Preparing Kid #1 for Baby #2 (Article)
Well Community was an online news magazine and discussion forum specifically focused on health and wellness in several North side of Chicago neighborhoods. It ceased publication in 2014.
They asked me to observe a class, helping prepare young children to become big brothers and sisters, and then write an article about how to make this an easy transition for the children.
Here’s what I learned…
Preparing kid #1 for baby #2
Nicoleta Molnar shows her 6-year old daughter Emma how to hold a baby at a recent event at Swedish Covenant Hospital.
When Nicoleta Molnar and her husband told their only child Emma that she was going to be a big sister, they weren’t quite ready to take the exciting news public. The three-year-old had other plans.
Emma was so excited, she began announcing to the world, “Mama has a baby in her belly!”
“Our mistake was to tell her before we told anybody else,” said Molnar, laughing as she recalled her daughter’s enthusiasm.
Emma’s reaction reminded the Molnars that, although they have been through pregnancy, childbirth and new parenthood before, they now face a new challenge: preparing a child for a new baby brother or sister.
Parents often have questions about the right way to introduce older kids to a new baby and siblinghood. Because every family and child is different, to tackle these questions Well Community called on the experts: local childbirth educator Kim Wilschek, RN, CCE, and family medicine physician Dr. Marina Claudio, both of Swedish Covenant Hospital.
When do I have the big sister talk?
There is a lot to do in the months and weeks before your new baby is due, but talking to your older kid (or kids) about the new baby and their role as a big brother or sister should be a priority during this time.
“It’s really important to make [the child] realize from the beginning that this is their baby too,” Wilschek said, noting that there is no “best” time for this.
Cameron and Linnea Johnson made the moment special for their daughters Gwen and Sonja, ages 5 and 3, by wrapping up some baby things and letting the two girls open the gifts to reveal they were going to be big sisters.
“It’s really less about the child’s age and more about their emotional maturity,” Wilschek said. “Certainly when they start seeing changes in their mom you need to have a discussion with them about what’s going on.”
What should I teach my child?
Involving your kids in the care for a new baby is the best way for them to feel important and useful as a big sibling.
Wilschek recently taught a “Big Brother / Big Sister” class at Swedish Covenant Hospital for expectant parents and their 3-8 year-olds, where kids could learn some of the basics of helping out with a new baby.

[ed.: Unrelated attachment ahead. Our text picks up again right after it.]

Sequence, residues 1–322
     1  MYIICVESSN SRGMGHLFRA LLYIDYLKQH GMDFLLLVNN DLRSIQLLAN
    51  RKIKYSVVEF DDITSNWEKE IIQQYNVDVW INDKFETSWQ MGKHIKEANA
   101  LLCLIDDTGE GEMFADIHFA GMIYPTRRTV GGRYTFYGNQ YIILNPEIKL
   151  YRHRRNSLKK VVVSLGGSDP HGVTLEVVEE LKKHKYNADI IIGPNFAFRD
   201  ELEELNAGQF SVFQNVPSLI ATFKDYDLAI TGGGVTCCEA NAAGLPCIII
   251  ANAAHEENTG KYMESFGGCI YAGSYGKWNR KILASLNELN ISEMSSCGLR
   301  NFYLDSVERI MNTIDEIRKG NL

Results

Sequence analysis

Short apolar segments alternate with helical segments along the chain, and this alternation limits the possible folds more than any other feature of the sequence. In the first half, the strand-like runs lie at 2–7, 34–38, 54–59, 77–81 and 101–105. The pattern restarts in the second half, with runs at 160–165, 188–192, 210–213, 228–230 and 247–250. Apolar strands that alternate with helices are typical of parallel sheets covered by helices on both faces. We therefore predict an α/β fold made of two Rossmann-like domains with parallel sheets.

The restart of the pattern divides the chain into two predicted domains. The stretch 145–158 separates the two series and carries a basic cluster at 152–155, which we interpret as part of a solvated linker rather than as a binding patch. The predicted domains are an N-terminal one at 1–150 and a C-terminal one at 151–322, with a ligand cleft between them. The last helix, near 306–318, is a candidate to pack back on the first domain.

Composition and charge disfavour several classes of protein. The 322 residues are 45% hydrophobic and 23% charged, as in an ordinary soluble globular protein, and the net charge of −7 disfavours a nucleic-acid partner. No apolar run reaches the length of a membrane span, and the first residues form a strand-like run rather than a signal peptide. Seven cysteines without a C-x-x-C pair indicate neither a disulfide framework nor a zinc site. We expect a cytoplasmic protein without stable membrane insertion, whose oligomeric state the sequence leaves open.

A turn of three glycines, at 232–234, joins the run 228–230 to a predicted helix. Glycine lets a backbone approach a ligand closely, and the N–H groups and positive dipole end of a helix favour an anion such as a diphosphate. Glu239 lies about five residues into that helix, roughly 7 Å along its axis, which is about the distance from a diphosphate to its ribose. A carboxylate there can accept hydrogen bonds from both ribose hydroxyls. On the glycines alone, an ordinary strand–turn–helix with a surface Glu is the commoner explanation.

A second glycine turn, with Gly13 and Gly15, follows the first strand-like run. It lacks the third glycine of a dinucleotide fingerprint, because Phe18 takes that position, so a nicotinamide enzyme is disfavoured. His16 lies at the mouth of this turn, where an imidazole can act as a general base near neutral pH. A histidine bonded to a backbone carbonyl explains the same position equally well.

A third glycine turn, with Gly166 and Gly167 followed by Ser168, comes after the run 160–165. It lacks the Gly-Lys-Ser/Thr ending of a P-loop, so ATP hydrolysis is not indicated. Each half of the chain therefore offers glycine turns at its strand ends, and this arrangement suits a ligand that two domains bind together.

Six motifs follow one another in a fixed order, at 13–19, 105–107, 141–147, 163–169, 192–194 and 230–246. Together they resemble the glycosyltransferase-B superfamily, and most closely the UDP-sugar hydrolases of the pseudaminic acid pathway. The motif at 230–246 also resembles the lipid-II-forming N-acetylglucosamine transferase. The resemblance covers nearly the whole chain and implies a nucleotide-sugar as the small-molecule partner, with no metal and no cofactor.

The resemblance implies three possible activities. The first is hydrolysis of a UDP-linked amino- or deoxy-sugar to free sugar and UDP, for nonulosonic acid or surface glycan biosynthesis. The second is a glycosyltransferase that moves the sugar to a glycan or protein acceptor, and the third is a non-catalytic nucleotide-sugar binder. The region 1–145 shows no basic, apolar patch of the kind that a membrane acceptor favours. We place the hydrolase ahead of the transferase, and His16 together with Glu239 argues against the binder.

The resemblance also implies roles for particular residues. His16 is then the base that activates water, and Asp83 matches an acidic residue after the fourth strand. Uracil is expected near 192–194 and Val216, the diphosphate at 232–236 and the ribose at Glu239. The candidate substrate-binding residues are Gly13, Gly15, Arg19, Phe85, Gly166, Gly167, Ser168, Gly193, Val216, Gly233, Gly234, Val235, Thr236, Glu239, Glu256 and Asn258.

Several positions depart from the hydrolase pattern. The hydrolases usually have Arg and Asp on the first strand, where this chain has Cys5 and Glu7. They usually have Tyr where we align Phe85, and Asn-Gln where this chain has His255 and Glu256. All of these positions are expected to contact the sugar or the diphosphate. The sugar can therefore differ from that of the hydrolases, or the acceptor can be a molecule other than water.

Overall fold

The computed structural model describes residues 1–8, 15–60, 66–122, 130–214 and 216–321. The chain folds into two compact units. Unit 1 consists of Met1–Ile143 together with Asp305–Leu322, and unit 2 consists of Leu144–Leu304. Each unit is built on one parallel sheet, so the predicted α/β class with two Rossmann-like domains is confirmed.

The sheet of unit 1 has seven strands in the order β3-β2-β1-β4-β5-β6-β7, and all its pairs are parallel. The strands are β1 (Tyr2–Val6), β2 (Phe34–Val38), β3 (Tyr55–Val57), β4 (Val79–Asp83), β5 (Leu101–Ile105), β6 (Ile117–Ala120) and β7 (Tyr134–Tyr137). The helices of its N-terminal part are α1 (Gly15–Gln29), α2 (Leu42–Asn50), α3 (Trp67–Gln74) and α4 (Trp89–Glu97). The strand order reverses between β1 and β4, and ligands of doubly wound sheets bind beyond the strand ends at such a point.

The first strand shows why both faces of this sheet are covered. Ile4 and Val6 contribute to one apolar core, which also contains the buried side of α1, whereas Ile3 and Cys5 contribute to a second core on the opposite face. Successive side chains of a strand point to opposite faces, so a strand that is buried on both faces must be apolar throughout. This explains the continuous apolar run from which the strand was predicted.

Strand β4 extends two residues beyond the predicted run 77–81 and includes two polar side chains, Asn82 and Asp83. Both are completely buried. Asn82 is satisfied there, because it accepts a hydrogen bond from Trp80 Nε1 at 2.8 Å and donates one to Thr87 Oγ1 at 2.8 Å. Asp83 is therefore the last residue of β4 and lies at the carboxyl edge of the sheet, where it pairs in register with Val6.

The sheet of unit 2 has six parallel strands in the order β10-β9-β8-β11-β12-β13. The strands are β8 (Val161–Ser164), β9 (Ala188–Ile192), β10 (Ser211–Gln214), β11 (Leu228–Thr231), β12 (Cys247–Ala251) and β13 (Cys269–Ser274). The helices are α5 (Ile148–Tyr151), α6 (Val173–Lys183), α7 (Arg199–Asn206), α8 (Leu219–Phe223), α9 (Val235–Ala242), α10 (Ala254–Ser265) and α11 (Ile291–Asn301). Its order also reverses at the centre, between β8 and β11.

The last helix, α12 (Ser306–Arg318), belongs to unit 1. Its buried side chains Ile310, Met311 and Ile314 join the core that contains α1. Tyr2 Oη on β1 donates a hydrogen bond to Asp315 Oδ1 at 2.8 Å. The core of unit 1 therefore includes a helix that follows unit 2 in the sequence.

Nicoleta Molnar and Emma were in attendance. During the event Emma practiced holding a baby doll, learned to change a diaper and decorated a onesie for the new baby.
These activities, as well as learning to feed the baby, and play during tummy time, mimic healthy adult behaviors and can give an older sibling a sense of responsibility for the new baby.
What activities should I do with my child?
Keeping your child involved doesn’t require doing anything out of the ordinary.
“In fact, focus on the ordinary,” Dr. Claudio said, using regular doctor’s appointments as her favorite example. “The newborn’s doctor appointments should happen as a global family visit.”
She explained that during check-ups, the medical focus is on the baby, but the whole family can learn about each other. This is also an opportunity for the doctor to observe the family dynamic and better understand how to help if concerns arise.
Additionally, Wilschek and Dr. Claudio both recommend parents talk to the older sibling frequently about how the child is feeling.
“It’s surprising how much [children] open up when you ask them what they think,” said Wilschek.
What if my child isn’t excited about being a big sibling?
“We know that kids change their minds—a lot,” Wilschek said. She advises parents to back off the issue if the child isn’t excited about the new baby and reintroduce the topic a little later.
Gwen and Sonja’s reaction to baby sister Naomi, 10 months, was “one of true love and acceptance into the family,” Johnson said, “But the novelty of having her around quickly wore off.”
Originally Gwen, had an interest in holding and trying to nurture the baby, while Sonja showed no interest. Today, their levels of interest and involvement have flipped.
If a child seems upset by the idea of a sibling, Dr. Claudio recommends addressing any negative feelings immediately so they do not escalate. She recommends reassuring the older child and keeping them involved so they understand that this change is a good thing.
If more serious concerns come up (like hitting or biting from the older child), Dr. Claudio urges families to discuss this with their family doctor immediately, as they will likely have ideas and resources that may help.
A few ideas and activities to smooth the transition for kids:
• Gifts — Let your child pick a special present for the baby that’s just from him/her.
• Read — Pick one or two of the many “I’m-going-to-be-a-big-brother/sister” books, and read them with your child
• Record — If your child is old enough, help him or her record themselves reading a favorite book to the new baby
• Help — Allow your child to help set up the nursery and offer suggestions for the baby’s name
• Bring — Siblings-to-be should tag along on your prenatal doctor’s appointments so they can learn what’s happening with the baby
Heidi Lading is a freelance writer in Chicago and the youngest of three children. Her older brother once dressed her up in football pads and used her as a tackling dummy. Occasionally she was allowed into her older sister’s room to play with her sister’s Barbie dolls.
Photo credit to Heidi Lading.